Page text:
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Math Help - prove a certain function is a polynomial

  1. #1
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    prove a certain function is a polynomial

    I have seen the following problem and I didn't manage to solve it, so I will appreciate any help.

    Suppose f is an analytic function defined everywhere in \mathbb{C} and such that for each z_0\in\mathbb{C} at least one coefficient in the expansion f(z)=\sum_{n=0}^\infty c_n(z-z_0)^n is equal to 0. Prove that f is a polynomial.

    It is easy to prove that for each z_0 there exists n such that f^{(n)}(z_0)=0, which means that each z_0 is root for a derivative of f, but how do I conclude that f s a polynomial?
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  2. #2
    MHF Contributor chisigma's Avatar
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    Re: prove a certain function is a polynomial

    If f(*) is analytic everywhere in \mathbb{C} , then its Taylor expansion in any point z=z_{0} is...

    f(z)= \sum_{n=0}^{\infty} a_{n}\ (z-z_{0})^{n} (1)

    ... where...

    a_{n}= \frac{1}{n!}\ \frac{d^{n}}{d z^{n}} f(z)_{z=z_{0}} (2)

    Now if \vorall z_{0} is a_{n}=0 then the derivative of order n of f(*) vanishes everywhere and that means that f(*) is a polynomial of order k<n...

    Kind regards

    \chi \sigma
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  3. #3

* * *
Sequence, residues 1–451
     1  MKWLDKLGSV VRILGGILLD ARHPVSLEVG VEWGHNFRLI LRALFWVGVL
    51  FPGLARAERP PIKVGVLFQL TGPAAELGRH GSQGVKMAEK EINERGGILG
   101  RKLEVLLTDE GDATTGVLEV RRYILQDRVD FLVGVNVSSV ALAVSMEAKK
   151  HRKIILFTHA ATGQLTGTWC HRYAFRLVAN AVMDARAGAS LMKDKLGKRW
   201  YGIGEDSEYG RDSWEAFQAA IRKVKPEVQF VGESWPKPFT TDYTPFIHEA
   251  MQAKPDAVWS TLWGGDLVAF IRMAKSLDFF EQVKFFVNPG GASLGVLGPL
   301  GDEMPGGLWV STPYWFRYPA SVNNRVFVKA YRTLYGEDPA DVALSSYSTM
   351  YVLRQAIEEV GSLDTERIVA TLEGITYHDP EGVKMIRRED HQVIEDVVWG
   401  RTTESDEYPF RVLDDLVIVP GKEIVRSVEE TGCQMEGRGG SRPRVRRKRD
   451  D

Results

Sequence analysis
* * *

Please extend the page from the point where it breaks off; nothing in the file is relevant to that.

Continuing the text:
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    Re: prove a certain function is a polynomial

    you can solve it using 2 hints:

    -whats the union of sets {f^(k)(z)=0} where k runs through natural numbers?
    -what are the properties of the zero set of a holomorphic function?
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  4. #4
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    Re: prove a certain function is a polynomial

    I was thinking something like this: the union of sets {f^(k)(z)=0} where k runs through natural numbers is uncountable from the hypothesis, that means that there must be a number N which satisfies f^(N)=0 for all z, which demonstrates that f is a polynomial. But I am not sure if there are some missing arguments.

    About the set of the zeros of a holomorphic function, I suppose it must be finite? If a holomorphic function has countable many zeros, that means that it is the function constant=0?
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  5. #5
    Super Member girdav's Avatar
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    Re: prove a certain function is a polynomial

    Put F_n:=\{z\in\mathbb C, f^{(n)}(z)=0\}. F_n is a closed subset of \mathbb C and \bigcup_{n\in\mathbb N}F_n=\mathbb C. Using Baire category's theorem, we can find n_0 such that F_{n_0} has a nonempty interior. We can find a ball on which f^{(n_0)} is identically 0 on this ball. Now you can conclude, using the fact that the zeros of an holomorphic function are isolated.
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